When I left the MacDonald’s the man was sitting on the steps looking lonely and discouraged.  I felt the same way, alone in this new city, and discouraged about human nature.

Our school systems are failing our children if they aren’t teaching the simple value of compassion.  It is so important that we respect everyone, especially people in need, while recognizing that may not want our help at that moment.  Why don’t more people see this? What can we do as educators to encourage our students to be compassionate.  I think most teachers are compassionate people, it kind of goes with the territory, but somehow this attribute isn’t always impressed upon our students.  I know that most schools are trying, all sorts of schools have community service built into their programs, but still we struggle to be a compassionate society, and I worry for our future

Here’s my observation.  What we have students do during school does not at all resemble what they will do when they finish university.  In fact there is literally no relationship at all, and our students can see that and of course, they rebel.  I’ve talked about an alternate school structure before, this post is really an extension of that post.

The real life workplace does involve repetitive tasks (like school) but is also coupled with problem solving.  Actually almost all of the interesting parts of anyone’s job are when one is required to problem solve or at least learn a new skill.  We can actually be given some problems in the workplace which have no immediate solution, in fact they may have no perfect solution at all.  Solving a problem in the workplace is extremely rewarding in itself and probably leads to greatest job satisfaction for most people.  Failure, disappointment, success, creativity are all parts of the modern workplace.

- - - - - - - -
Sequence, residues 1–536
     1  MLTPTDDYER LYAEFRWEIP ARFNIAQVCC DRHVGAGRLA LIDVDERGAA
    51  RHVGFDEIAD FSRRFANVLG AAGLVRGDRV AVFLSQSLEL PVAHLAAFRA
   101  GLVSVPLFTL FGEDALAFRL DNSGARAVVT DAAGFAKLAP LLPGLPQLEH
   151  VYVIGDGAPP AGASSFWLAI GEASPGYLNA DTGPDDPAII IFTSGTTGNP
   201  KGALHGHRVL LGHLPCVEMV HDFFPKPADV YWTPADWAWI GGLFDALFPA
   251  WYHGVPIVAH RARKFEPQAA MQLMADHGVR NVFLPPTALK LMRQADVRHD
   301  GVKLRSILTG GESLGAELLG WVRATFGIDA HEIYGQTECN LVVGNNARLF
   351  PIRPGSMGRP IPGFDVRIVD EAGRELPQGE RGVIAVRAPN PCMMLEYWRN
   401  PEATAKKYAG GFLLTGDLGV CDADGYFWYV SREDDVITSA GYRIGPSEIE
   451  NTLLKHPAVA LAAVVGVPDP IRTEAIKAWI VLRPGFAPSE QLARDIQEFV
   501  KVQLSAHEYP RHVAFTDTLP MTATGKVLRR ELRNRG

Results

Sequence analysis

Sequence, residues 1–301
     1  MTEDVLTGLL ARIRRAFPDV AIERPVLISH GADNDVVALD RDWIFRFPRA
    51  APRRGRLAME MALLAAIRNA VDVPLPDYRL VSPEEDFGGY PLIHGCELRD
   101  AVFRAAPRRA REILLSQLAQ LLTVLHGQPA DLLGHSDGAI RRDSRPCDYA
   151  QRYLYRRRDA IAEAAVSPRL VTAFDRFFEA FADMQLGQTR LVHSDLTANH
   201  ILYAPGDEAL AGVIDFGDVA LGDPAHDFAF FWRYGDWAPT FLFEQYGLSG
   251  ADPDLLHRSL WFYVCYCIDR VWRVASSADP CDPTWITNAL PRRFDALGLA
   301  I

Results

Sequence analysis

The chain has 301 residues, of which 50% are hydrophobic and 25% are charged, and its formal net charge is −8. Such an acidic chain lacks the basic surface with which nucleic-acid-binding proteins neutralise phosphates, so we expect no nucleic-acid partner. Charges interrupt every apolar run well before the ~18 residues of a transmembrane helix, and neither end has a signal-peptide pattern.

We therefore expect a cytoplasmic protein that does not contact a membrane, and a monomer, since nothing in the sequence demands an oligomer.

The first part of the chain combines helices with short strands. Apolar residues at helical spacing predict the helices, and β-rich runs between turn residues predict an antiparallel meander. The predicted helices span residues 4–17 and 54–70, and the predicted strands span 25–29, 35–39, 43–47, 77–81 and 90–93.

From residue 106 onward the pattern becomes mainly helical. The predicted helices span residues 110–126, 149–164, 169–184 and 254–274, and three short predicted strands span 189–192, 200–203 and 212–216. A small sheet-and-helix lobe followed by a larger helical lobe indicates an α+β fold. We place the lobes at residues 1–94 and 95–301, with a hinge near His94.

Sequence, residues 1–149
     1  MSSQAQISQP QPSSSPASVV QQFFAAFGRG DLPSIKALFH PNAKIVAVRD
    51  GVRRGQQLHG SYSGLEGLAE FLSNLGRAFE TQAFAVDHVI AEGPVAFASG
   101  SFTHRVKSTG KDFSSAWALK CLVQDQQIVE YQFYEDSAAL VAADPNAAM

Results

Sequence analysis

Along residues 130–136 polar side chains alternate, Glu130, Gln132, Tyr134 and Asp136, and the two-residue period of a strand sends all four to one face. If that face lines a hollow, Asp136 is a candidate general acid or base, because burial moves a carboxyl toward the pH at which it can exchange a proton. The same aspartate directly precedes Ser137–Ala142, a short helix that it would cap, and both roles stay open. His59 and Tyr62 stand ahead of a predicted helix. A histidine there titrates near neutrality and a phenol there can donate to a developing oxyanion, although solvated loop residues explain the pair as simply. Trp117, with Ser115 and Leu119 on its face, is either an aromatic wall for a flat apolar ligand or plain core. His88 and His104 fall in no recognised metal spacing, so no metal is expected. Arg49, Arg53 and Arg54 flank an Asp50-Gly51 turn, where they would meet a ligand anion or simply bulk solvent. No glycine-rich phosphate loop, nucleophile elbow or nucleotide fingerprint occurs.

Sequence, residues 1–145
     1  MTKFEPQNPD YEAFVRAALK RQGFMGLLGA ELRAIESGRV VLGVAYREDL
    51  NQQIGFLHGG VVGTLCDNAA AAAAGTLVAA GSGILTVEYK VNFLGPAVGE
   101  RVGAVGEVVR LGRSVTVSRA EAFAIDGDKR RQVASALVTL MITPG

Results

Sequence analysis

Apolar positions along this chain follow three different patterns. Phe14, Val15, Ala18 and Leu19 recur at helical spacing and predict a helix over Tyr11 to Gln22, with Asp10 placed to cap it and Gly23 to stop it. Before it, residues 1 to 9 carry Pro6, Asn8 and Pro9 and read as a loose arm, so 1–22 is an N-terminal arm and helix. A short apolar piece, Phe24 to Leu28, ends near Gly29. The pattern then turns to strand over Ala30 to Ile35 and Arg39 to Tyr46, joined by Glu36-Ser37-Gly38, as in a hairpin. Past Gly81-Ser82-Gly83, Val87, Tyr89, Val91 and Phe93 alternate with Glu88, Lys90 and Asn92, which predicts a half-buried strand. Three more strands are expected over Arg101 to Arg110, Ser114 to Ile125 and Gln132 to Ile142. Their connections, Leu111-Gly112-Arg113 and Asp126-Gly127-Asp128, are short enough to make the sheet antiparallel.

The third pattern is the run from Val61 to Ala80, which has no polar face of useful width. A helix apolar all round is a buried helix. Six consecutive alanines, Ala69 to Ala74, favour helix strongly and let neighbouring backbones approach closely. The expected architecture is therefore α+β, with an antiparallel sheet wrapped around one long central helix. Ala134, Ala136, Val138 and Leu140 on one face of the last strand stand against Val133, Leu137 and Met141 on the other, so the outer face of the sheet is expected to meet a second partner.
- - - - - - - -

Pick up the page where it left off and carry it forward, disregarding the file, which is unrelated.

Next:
School on the other hand involves very repetitive tasks, and very little creativity.  Students are isolated from true failure through things like social promotion and minimum grade boundaries, disappointment is temporary, and the rewards for success on any one individual project are very small.  One could argue that working hard all the way through school can lead to big rewards in the form of scholarships for entrance to university, but in terms of hours worked, this can actually be considered a fairly small reward.  One of the only areas schools are like the workplace is that students get lots of opportunities to experience success.  Unfortunately these individual events are often to contrived and unlike the real-world as to lack meaning.

So what if, as soon as kids had some basic skills (like reading, writing, simple arithmetic) under their belts, they were exposed to a more realistic school where students were involved in solving real life problems and their solutions (where appropriate) were actually implemented?  There are lots of schools which implement this in various ways, and as long as the programs are structured appropriately, they seem to be successful.  I’m thinking of automotive schools, culinary schools, etc…. for middle and high school students.  So in other words, lots of schools actually do this already in various ways and are experiencing success.  All I’m suggesting is that we expand these types of programs, especially into the academic areas.